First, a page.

8 Biggest Surprises from NFL Rookie Camps

Eric Galko@OptimumScoutingFeatured ColumnistMay 28, 2014

8 Biggest Surprises from NFL Rookie Camps

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    Rookie minicamps generally begin immediately following the NFL draft and are designed for teams to have a quick first look at their incoming rookies as they begin to plan for training camp. For undrafted players, it’s a fight to stay relevant. For draftees, it’s a get-to-know-you event, with teams hoping they don’t immediately see issues with one of their draft selections.

    For some rookies, especially ones drafted after the first few rounds, it can be the coming-out party that gets teams extra excited for training camp. A team's draft is given praise based upon its early picks, but it becomes defined by the ability to hit on later selections.

    During rookie minicamps, these prospects significantly exceeded expectations, giving teams more reason for hope as these players seek to build upon their great first impression. 

Aaron Murray, QB, Kansas City Chiefs

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    The Kansas City Chiefs drafted Aaron Murray in the fifth round, and all indications were that he’d be slowly developed in his first season after undergoing surgery to repair a torn ACL in his senior season at Georgia. However, Murray got the chance to work out during the team’s rookie minicamp and so far hasn’t shown any negative effects from his surgery.

    Head coach Andy Reid said that Murray has “done everything up to this point – he went through today’s work and he’ll keep getting stronger as he goes," according to Terez A. Paylor of The Kansas City Star.

    Murray himself that he thinks his knee is great and feels awesome, saying, “there’s no ‘be careful of the knee, don’t step into the throw’.” If Murray is confident in his knee and the team is willing to let him throw and work out as a quarterback in camp, he could immediately begin to regain the luster his pre-injury form showcased.

    Step one is getting recovered, which he’s well on his way to doing. Is step two setting his sights on the team’s starting job? 

Donte Moncrief, WR, Indianapolis Colts

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    Entering his junior season at Ole Miss, the expectations were high for Donte Moncrief. But the 6’2”, 221-pound physical receiver didn’t produce as highly as evaluators had hoped. Still, his immense talent, clear length and matchup ability were too great for him to slip far in the draft, and he landed with the Indianapolis Colts in the latter part of the third round.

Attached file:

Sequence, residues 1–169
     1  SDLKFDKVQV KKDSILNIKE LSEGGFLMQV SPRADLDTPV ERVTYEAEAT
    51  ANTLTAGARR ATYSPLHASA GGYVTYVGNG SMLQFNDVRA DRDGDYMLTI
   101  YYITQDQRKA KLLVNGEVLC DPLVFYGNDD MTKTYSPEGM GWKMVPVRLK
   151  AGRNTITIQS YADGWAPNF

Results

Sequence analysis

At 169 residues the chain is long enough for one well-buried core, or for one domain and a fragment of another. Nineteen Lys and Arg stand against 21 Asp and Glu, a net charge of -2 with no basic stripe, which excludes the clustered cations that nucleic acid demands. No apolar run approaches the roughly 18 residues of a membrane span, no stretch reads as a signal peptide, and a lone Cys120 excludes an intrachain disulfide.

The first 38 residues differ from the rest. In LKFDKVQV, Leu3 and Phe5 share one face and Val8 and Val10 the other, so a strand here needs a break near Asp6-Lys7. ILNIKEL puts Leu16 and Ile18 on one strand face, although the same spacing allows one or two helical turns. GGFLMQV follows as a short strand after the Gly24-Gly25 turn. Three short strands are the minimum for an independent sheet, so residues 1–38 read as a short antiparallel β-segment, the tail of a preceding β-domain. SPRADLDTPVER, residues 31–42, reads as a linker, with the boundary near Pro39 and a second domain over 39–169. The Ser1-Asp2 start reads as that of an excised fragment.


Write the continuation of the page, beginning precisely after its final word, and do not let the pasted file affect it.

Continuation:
Despite inconsistencies in his final college season, Moncrief has quickly emerged as an offensive weapon to watch in Indianapolis, impressing thus far in rookie minicamp. According to Colts.com writer Kevin Bowen, head coach Chuck Pagano said that Moncrief “catches the ball well, picks things up mentally really good. So, we are happy.”

    The 20-year-old rookie still has a lot to learn about the nuances of the position and may be viewed as more of a project player than one from whom the team should expect immediate dividends. But with Reggie Wayne getting up there in years and only Hakeem Nicks and T.Y. Hilton guaranteed to have long-term impacts on the team, Moncrief could see ample targets during his rookie season, especially if he carries over a surprisingly impressive rookie minicamp into a strong preseason and beyond. 

John Brown, WR, Arizona Cardinals

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    In what was considered one of the deepest receiver classes in recent memory, receivers all over the board had a chance to surprisingly impress. Despite being a third-round pick, an immediate contribution from Division II receiver John Brown was not something most would’ve expected.

    However, John Clayton of ESPN.com said that, among rookie receivers that stood out across the league, John Brown was certainly toward the top of the list. Clayton said that Brown “might be the Cardinals best deep threat” despite the team already boasting Ted Ginn Jr. in its receiving corps.

    He’ll need to transfer over his rookie minicamp success to training camp to earn that praise, but there’s a strong chance Brown will be the team’s slot receiver early in the season, if not Week 1. With his quickness, vertical speed and decisive route running, don’t dismiss the Pittsburg State product as a project yet.  

Kevin Norwood, WR, Seattle Seahawks

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    Elaine Thompson/Associated Press

    The Seattle Seahawks needed to upgrade their receiving corps in the 2014 NFL draft, and after drafting Paul Richardson in the second round, they targeted Kevin Norwood in the fourth. The Alabama product isn't a burner like Richardson, but the two could have a bright future in Seattle.